Job fair brings teens, employers together
Sandra Larson | 3/22/2011, 8:55 p.m.
Henriquez, who started at the Statehouse in January after winning the Fifth Suffolk District seat vacated by Marie St. Fleur, told the audience about his first summer job at age 15, working as a janitorial assistant at an apartment building just a few blocks from Bird Street. The next summer, he was working downtown at IBM, wearing dress pants and a shirt and tie.
On that subject, he had some firm words for the assembled youth.
“I see only a few young men and women dressed correctly for a job fair,” he admonished. He spelled out that for men, appropriate dress would be hard bottom shoes, pants, “a shirt that buttons all the way down” and maybe a tie, while women should have hard bottom shoes, pants and a blouse.
He offered to teach young men how to tie a tie, and to even lend them one if they need it.
“There are not a lot of summer job opportunities. So basically, you’re coming here to compete. Did you come here to compete, or just to come check it out?” he asked. “If this is something you believe in and want, please don’t go halfway, because it won’t get you there.”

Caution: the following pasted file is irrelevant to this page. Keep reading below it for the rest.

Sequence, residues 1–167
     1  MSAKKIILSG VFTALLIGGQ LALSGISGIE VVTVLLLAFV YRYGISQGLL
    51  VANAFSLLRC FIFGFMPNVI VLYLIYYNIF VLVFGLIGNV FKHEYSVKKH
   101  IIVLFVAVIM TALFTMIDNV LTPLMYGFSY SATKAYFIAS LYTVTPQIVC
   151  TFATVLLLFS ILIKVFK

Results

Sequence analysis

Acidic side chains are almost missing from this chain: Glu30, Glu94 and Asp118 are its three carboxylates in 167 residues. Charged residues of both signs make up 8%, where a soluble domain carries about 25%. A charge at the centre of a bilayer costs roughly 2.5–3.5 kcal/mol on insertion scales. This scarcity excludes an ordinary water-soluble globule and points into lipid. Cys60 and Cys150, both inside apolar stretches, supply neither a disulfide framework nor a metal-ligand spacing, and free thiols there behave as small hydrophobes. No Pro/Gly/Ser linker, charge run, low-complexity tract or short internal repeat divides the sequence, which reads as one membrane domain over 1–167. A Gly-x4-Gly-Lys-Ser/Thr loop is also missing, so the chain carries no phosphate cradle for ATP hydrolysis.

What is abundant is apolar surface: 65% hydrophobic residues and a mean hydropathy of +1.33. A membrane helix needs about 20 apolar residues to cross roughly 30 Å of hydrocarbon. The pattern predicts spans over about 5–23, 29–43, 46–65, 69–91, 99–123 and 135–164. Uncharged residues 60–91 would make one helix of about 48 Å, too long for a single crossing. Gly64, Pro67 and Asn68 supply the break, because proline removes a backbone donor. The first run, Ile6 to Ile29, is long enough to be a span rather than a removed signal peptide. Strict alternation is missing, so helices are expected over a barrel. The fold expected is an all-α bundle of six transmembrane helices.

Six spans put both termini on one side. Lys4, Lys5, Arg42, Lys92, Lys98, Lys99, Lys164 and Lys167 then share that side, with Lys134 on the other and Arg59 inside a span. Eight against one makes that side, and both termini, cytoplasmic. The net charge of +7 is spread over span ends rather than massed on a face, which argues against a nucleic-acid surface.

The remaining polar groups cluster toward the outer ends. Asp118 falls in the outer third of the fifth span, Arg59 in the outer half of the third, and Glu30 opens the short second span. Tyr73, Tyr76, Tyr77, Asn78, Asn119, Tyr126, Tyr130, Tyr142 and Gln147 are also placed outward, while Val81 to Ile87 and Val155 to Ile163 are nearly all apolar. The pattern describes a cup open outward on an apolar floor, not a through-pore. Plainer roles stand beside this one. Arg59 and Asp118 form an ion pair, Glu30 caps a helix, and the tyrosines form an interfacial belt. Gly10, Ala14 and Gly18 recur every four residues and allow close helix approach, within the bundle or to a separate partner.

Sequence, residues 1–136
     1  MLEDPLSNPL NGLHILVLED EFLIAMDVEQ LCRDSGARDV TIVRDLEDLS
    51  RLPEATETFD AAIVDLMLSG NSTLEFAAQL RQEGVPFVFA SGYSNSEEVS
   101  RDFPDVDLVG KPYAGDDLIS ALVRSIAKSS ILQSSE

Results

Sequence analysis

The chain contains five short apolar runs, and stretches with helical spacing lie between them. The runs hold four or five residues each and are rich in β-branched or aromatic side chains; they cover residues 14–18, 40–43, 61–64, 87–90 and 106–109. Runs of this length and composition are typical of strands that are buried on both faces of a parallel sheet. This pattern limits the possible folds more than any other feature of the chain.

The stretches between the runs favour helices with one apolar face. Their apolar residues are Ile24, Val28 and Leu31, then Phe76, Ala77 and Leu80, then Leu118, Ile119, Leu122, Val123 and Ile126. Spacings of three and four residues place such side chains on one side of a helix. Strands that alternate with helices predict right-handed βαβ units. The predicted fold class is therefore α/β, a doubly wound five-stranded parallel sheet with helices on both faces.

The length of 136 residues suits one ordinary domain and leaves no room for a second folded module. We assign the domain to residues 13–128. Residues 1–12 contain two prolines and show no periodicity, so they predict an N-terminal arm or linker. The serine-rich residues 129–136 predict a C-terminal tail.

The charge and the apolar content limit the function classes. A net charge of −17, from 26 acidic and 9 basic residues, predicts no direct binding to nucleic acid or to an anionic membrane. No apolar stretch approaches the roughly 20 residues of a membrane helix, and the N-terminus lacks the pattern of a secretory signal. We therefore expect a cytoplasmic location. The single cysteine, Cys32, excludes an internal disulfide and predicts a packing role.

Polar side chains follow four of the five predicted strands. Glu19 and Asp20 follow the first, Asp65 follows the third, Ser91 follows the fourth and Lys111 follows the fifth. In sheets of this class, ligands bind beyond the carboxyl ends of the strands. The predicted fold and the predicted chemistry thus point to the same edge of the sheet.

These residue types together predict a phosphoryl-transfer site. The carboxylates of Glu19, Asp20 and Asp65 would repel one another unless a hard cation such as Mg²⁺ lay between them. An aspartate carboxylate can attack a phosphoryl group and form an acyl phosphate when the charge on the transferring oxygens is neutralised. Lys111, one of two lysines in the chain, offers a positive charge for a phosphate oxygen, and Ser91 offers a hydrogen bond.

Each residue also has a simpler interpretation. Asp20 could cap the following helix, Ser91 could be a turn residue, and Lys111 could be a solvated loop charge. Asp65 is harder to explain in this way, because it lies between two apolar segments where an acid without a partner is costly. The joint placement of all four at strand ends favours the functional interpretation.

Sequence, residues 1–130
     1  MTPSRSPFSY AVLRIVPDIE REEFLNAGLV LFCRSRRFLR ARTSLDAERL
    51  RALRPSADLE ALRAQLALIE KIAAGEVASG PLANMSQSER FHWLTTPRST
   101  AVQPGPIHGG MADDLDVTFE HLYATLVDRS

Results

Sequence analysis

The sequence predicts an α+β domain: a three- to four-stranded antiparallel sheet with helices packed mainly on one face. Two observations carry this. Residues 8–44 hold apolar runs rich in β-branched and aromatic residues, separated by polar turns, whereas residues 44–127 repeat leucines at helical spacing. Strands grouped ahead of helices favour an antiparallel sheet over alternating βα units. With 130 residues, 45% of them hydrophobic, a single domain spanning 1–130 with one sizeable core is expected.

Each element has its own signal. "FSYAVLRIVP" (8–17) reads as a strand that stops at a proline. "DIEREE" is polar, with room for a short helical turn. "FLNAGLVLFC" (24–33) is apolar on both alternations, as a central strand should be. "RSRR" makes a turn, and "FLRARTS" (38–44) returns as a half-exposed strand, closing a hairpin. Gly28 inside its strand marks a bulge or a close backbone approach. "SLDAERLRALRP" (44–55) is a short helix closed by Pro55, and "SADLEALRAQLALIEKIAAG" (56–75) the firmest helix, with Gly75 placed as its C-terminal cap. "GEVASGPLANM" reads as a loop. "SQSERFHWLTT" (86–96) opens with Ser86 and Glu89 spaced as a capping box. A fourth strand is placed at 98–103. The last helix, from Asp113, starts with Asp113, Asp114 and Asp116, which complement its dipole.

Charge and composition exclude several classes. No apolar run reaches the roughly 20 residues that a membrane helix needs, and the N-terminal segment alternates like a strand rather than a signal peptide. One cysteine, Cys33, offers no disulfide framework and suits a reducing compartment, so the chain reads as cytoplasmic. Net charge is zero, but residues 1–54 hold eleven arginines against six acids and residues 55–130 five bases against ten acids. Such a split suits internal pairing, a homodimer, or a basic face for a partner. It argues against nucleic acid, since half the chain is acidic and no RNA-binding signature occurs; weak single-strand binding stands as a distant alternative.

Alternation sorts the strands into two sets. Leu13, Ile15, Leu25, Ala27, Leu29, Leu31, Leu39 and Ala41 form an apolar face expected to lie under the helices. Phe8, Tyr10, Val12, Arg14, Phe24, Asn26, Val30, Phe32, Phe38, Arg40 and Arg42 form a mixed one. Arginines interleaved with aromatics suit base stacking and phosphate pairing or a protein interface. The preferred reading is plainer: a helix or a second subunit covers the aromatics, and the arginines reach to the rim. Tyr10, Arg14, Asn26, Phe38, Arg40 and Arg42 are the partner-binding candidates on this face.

Job fair organizers were unable to give a figure on how many jobs would come of the job fair, as funding is still uncertain. But Dan Gelbtuch, director of Dorchester Bay EDC’s Youth Force, said it would almost certainly be more than 300. He expressed cautious optimism about funding this year.
Boston is fortunate to have city funding in the form of the Boston Youth Fund, he said, and to have a mayor who urges private employers to provide jobs for teens. On the state level, Gov. Deval Patrick doubled funding for youth jobs in his proposed regular and supplemental budgets for fiscal year 2012 — but the Legislature will have the final say in actual funding allocated.
“As long as we can shepherd this budget through,” Gelbtuch said, “we’ll have more teen jobs this summer.”
GOTCHA also organizes teens to fight for funding. Last month, Gelbtuch helped coordinate a march and rally in Boston in which youth from across the state urged legislators to support jobs funding. And at the job fair, he took the microphone to remind students of another rally at City Hall on April 5, the day of a jobs funding hearing arranged by Councilor Arroyo.
A sustained effort by youth is crucial, Gelbtuch said. “We need to keep telling politicians this matters to us.”